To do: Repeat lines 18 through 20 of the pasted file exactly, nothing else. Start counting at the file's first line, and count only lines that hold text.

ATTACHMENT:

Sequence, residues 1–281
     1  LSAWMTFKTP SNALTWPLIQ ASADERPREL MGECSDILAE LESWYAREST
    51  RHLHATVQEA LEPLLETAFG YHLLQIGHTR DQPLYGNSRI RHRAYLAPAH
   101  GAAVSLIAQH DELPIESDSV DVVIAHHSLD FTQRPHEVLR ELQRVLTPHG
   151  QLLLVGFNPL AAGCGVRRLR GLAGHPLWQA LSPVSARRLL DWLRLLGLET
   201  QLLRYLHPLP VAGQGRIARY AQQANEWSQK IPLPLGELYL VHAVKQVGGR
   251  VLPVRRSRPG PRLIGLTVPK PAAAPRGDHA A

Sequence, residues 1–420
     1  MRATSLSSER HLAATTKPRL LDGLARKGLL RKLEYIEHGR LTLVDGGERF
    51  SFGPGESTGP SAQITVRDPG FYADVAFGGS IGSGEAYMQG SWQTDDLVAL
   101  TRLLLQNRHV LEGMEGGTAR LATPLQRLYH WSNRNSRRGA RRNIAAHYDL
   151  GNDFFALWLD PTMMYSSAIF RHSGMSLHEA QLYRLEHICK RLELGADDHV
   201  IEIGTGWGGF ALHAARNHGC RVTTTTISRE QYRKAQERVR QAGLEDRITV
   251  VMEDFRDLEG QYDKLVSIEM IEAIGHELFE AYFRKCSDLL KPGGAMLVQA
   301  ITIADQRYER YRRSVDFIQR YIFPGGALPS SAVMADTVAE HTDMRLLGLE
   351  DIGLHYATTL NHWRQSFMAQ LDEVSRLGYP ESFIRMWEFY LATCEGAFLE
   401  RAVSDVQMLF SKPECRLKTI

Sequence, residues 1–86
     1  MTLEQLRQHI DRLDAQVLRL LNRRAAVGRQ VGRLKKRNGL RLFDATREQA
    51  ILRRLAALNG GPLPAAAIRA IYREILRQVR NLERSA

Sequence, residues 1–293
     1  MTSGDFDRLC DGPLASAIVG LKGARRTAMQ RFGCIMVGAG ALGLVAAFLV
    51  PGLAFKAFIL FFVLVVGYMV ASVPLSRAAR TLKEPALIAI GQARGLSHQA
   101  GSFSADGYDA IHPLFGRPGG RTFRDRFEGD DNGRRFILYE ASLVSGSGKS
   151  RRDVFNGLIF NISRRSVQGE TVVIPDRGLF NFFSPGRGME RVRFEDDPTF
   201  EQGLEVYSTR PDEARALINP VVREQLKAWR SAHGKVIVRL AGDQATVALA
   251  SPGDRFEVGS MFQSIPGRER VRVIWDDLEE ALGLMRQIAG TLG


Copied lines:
Sequence, residues 1–86
     1  MTLEQLRQHI DRLDAQVLRL LNRRAAVGRQ VGRLKKRNGL RLFDATREQA
    51  ILRRLAALNG GPLPAAAIRA IYREILRQVR NLERSA